Abram Shook Landscape Dream
(Western Vinyl – May 12, 2015)
(Indie Pop, Psychedelic, Alternative)
Review by Rob Leonard
What’s cool about Abram Shook? Is it his name? Is it the album covers? Is it his multi-faceted musical abilities?
Well any of those options, really, but there is only one thing cooler than Abram Shook’s name – as a multi-instrumentalist connoisseur of a million flavors, the coolest aspect of Abram Shook is how he melds modern with retrospect, encapsulating the modern retrospect. Plush, dynamic soundscapes paint an audible palette as visual as the cover art. It would be easy to fault a guy for ‘being all over the place’ but here Abram is tasteful, content, and consistent in making his influences apparent. Shook’s latest release Landscape Dream is much like it’s 2014 predecessor Sun Marquee – providing commentary on the recent psych push and carrying that idea into a realm of pop sensibility. Where Sun was whimsical, smooth to the touch, and forged from sun drenched carribean-tropicalia; Landscape Dream is insistent and relies on it’s ethereal valleys and hyperbolized echoey haze.
Album opener “Never Die” soaks in superfluous pulp until the chorus reams in and Abram wails, “What Becomes/What Remains” – the dynamic of “Never Die” carries on as the mood rides between pulse and space. Layered within the production and arrangements there are momentary nods to acts such as Bear in Heaven, Destroyer, Unknown Mortal Orchestra, and Spoon, specifically on “Vessel.” As REM (sleep) sets in, tracks “Get Gone,” “5Am Tribute,” “Find It,” and “Perfect” explore the most inner workings of Abram – from the pop laden TV commercial ready “Get Gone” to the slow peaceful ballad “Perfect” Abram makes it apparent that he values dynamics and diversity above all.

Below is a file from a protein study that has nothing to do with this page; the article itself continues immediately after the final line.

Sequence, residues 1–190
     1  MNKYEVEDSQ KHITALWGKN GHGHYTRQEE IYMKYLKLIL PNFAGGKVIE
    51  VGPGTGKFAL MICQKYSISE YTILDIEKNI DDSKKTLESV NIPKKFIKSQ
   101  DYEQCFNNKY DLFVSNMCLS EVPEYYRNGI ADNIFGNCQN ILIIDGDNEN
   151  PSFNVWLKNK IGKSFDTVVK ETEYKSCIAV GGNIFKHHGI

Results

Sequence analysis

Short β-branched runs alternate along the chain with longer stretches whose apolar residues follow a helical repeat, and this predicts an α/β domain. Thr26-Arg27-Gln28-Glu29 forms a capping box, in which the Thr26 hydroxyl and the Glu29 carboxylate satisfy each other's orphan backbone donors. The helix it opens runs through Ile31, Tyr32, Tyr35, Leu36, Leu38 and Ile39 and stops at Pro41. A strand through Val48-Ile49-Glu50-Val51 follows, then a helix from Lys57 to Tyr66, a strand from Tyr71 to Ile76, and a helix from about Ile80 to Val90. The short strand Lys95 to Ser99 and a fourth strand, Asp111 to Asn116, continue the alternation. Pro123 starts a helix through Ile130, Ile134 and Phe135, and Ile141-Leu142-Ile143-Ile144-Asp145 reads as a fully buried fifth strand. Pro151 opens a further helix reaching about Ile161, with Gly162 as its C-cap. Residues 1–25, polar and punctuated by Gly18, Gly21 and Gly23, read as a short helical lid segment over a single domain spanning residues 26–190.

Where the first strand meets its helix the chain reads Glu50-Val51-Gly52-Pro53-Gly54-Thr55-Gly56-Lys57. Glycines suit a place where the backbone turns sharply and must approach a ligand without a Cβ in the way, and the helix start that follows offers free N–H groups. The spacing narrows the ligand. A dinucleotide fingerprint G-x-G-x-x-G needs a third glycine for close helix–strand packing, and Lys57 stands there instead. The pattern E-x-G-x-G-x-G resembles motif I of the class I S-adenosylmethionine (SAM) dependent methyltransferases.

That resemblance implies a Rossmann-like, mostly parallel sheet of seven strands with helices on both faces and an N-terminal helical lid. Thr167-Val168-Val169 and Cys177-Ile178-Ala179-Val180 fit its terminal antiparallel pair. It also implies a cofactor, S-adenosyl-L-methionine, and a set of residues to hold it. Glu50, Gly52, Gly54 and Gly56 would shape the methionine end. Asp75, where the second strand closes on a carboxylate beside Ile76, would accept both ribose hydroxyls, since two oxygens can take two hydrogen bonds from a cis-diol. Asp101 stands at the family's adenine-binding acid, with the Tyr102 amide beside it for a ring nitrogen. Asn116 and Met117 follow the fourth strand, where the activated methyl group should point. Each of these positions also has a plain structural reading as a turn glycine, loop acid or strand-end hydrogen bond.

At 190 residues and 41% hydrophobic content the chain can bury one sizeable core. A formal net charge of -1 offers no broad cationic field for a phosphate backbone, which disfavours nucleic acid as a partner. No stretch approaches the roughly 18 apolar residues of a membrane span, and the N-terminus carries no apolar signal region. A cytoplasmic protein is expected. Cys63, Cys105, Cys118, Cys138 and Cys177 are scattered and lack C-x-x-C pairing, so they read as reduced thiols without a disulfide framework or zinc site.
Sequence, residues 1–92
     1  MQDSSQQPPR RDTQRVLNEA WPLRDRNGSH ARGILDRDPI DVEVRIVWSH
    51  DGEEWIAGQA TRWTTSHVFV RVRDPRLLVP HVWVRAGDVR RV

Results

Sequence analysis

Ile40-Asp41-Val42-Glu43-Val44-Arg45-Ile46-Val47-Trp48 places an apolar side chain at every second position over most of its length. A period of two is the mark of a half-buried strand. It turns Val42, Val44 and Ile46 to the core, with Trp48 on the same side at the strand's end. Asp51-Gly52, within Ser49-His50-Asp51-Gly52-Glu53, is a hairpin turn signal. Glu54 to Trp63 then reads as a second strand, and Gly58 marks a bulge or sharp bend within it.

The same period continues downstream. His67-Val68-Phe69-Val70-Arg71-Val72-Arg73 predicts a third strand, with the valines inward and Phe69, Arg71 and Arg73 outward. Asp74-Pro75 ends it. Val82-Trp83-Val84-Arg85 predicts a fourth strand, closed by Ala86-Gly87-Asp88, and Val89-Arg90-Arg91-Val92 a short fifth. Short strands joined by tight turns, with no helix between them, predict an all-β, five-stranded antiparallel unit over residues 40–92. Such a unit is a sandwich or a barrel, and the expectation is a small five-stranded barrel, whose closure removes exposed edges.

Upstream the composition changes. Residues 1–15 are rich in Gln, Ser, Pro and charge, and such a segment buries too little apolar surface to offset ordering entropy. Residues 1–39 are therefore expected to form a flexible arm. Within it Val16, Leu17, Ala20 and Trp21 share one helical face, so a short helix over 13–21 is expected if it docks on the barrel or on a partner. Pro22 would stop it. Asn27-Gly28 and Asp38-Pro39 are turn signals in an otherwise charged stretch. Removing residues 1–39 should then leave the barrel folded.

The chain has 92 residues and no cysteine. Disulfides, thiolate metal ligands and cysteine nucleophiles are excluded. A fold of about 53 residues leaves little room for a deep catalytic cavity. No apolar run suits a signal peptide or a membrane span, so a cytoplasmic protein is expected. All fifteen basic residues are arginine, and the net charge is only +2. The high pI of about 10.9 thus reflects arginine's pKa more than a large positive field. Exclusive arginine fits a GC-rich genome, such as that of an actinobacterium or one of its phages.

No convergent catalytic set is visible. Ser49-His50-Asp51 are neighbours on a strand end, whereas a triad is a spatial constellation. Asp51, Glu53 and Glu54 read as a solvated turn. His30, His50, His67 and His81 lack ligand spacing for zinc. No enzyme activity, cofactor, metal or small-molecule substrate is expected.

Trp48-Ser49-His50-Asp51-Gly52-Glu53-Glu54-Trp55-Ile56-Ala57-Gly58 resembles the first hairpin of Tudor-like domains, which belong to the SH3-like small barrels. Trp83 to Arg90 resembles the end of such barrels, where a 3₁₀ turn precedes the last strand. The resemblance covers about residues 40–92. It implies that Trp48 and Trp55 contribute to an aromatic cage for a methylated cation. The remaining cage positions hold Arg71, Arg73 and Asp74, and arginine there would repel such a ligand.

The breathing nature of the guitar distinctively lends itself to the disco nostalgia on “Understood”. A groove oriented track that curveballs into equally interesting disjointed breaks and verses. Overall, the clarity of the chorus on “It’s Understood” contrasts beautifully with it’s somewhat distracted verse “Don’t ask your neighbor/the message will cut through the downtown noise.” The album’s closing procession is “Jaw,” here Abram sports a Prince tinged vocal and carnival-esque melody swelling in the distance – the song you’d want waking you up and ending your Landscape Dream‘s.
Landscape Dream flows freely between pop and avant-garde, balancing beauty and chaos – an album that is as under appreciated as it’s creator.